After the war, the Queen Mary was returned to civilian service with the Cunard Line, making her first post-war crossing in August of 1947. Paired up once more with her sister Queen Elizabeth, the two sisters pressed forward into a new era almost as if the war was no more than a terrible nightmare. In 1958, the Mary had special stabilizers installed to aid her notorious stability problems.
Cunard continued to modernize and upgrade the ship in order to keep her competitive with commercial jet aircraft. Their advertisements tried to sell the idea that ‘getting there was half the fun,’ and that it was something to be savored rather than sped through as aboard a jet. However, the handwriting was certainly on the wall for both sisters. Eventually, revenues continued to decline to the point where the Mary and the Elizabeth were simply no longer viable. In 1967, the Queen Mary was sold to the city of Long Beach, California. She became, and remains now, a hotel and tourist attraction.
She frequently serves as a shooting location for various films and documentaries depicting other liners, such as the legendary Titanic. Films such as The Poseidon Adventure and S.O.S. Titanic are included among these.
Queen Mary‘s Current Condition
In recent years, concern has been expressed over the level of care, upkeep, and maintenance which the Queen Mary has received. Faced with another round of economic ‘lean times’ in the wake of the 2008 world financial crisis, the ship was taken over by new owners. Hopes ran high that her owners, working in conjunction with the City of Long Beach, could maintain the ship and continue to make her an enjoyable, historically sensitive, and financially viable tourist attraction.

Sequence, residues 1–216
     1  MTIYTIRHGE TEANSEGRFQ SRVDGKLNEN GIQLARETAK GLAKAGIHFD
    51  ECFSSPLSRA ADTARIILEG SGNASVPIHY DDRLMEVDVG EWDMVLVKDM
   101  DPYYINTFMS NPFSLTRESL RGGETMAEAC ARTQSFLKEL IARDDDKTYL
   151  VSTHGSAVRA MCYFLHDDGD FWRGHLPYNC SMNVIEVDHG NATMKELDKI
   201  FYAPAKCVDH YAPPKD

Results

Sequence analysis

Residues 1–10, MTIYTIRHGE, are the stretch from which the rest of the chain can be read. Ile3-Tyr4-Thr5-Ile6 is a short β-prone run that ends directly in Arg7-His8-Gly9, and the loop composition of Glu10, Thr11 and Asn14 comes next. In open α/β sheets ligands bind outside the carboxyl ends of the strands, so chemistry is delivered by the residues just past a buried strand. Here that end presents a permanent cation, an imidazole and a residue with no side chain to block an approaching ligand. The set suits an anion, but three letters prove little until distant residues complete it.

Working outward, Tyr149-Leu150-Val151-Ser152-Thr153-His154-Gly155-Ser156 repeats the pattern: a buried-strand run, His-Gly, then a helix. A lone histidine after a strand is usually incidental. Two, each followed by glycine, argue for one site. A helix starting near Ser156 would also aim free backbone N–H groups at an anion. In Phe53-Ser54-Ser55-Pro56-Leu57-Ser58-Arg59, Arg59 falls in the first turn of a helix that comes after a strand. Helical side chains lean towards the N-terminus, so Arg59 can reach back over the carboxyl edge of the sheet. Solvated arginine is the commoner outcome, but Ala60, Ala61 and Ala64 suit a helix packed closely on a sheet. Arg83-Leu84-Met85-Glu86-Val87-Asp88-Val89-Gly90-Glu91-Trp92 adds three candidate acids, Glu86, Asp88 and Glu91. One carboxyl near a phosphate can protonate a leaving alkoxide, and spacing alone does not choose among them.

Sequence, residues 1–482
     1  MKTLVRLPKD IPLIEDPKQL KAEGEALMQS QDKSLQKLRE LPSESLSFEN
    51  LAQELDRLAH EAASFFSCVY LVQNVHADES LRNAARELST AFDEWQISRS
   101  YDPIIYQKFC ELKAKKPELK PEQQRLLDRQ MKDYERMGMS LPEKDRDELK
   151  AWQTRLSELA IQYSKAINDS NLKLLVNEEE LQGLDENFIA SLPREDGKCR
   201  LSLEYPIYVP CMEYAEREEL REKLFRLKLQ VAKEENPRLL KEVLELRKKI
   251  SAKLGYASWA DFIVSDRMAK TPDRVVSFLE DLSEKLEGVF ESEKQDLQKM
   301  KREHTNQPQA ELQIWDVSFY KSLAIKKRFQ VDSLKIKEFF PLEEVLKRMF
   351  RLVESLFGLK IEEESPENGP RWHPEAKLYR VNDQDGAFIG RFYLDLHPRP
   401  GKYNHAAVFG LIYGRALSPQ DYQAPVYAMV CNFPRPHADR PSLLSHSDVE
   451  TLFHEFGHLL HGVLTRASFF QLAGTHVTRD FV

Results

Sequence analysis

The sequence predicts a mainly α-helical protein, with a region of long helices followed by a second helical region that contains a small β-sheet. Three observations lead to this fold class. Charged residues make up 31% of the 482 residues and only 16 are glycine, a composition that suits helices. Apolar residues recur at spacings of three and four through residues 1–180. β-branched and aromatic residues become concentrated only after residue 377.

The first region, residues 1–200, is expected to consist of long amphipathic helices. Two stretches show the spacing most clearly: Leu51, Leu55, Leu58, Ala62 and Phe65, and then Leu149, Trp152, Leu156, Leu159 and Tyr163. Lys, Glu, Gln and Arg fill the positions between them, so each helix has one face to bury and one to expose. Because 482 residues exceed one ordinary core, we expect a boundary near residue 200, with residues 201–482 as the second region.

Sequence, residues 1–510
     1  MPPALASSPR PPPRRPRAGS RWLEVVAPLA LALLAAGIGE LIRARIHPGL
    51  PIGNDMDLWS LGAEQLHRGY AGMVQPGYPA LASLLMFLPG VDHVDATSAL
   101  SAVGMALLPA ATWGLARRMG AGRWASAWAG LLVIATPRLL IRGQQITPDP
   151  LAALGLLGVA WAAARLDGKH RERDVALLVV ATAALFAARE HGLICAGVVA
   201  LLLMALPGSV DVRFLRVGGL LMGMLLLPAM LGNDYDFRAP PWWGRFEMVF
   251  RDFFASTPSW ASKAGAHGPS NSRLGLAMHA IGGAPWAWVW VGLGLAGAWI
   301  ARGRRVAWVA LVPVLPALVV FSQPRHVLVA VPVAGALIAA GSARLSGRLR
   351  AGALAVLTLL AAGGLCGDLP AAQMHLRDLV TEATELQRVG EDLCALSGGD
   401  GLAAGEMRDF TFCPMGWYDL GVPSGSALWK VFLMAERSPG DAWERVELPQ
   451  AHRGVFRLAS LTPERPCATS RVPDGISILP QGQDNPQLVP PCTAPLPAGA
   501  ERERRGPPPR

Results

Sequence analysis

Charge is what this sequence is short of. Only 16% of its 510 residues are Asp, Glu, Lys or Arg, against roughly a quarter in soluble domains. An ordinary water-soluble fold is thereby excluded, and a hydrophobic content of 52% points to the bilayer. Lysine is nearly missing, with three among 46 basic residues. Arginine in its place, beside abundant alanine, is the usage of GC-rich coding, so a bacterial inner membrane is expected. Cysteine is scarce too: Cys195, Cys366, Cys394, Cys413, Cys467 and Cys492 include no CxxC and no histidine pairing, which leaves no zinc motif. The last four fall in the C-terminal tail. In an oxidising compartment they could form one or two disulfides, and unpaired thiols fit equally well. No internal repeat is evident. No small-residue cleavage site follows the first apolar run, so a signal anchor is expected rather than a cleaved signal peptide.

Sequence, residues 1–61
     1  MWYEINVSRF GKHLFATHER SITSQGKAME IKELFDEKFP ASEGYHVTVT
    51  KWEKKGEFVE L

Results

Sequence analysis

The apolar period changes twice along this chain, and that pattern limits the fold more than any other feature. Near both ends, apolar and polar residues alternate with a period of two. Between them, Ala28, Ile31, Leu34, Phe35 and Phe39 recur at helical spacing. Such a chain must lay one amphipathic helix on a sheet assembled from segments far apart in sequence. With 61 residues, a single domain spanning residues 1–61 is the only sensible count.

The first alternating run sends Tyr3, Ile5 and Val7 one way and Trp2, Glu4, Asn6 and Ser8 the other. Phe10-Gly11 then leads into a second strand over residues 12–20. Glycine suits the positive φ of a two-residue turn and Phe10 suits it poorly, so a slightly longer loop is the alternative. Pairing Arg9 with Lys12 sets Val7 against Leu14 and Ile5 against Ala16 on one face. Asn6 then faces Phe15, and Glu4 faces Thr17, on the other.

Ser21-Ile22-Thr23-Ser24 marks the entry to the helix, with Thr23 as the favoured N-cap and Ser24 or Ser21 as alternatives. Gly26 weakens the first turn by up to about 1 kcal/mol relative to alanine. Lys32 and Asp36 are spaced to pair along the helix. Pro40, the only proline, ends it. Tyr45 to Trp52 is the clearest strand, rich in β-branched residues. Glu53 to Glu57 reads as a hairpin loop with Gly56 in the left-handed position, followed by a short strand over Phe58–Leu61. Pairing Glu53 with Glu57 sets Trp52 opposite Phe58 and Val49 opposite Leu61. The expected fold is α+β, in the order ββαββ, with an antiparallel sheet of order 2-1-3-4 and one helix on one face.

However, a recent survey indicates that the liner’s condition is deteriorating rapidly. Please read the complete article, “Queen Mary: Mayday for a Scottish monument” from The Scotstman:
Captains of the Queen Mary
|Captain:||Date Took Command:|
|Commodore Sir Edgar T. Britten||December 1,1935|
|Captain George Gibbons||January 29, 1936|
|Commodore Reginald V. Peel||August 4, 1936|
|Commodore Robert B. Irving||November 11, 1936|
|Captain John C. Townley||March 30, 1937|
|Captain Peter A. Murchie||April 19, 1938|
|Captain Ernest M. Fall||April 9, 1941|
|Commodore Sir James Bisset||February 23, 1942|
|Commodore Sir Cyril G. Illingworth||August 10, 1942|
|Captain Roland Spencer||July 29, 1944|
|Commodore Charles M. Ford||March 11, 1946|
|Commodore George E. Cove||December 6, 1946|
|Commodore Sir C. Ivan Thompson||February 15, 1947|
|Captain John A. MacDonald||March 6, 1947|
|Captain John D. Snow||July 4, 1947|
|Commodore Harry Grattidge||December 31, 1948|
|Captain Harry Dixon||July 20, 1950|
|Captain Robert G. Thelwell||August 13, 1951|
|Captain Donald W. Sorrell||August 19, 1952|
|Commodore George G. Morris||June 27, 1956|
|Commodore Charles S. Williams||June 25, 1957|
|Captain Alexander B. Fasting||September 11, 1957|
|Captain Andrew MacKellar||August 26, 1958|
|Commodore John W. Caunce||October 22, 1958|
|Commodore Donald M. MacLean||June 24, 1959|
|Captain James Crosbie Dawson||March 30, 1960|
|Captain Sidney A. Jones||May 25, 1960|
|Commodore Frederick G. Watts||August 9, 1960|
|Captain Eric A. Divers||June 19, 1962|
|Commodore Geoffrey T. Marr||May 7, 1964|
|Captain John Treasure Jones||September 8, 1965|
|Captain William E. Warwick||September 15, 1965|
|Captain William J. Law||May 3, 1967|
|Captain John Treasure Jones||In command for final round trip voyage, 9/16/1967 – 9/27/67, and for the final voyage ’round the horn to Long Beach, CA, 10/31/1967 – 12/9/1967. Captain Jones Officially handed the Queen Mary over to Long Beach on 12/11/1967, and her registry was cancelled.|
Updates to this page’s content are in progress – please be patient. For corrections, please contact me.
Please also remember: if you have photographic or technical data, or personal accounts of crossings on any of these ships or on the other liners contained on this site, and would like to see these items included on this site or in the upcoming volume, please use the contact page of this site to let me know.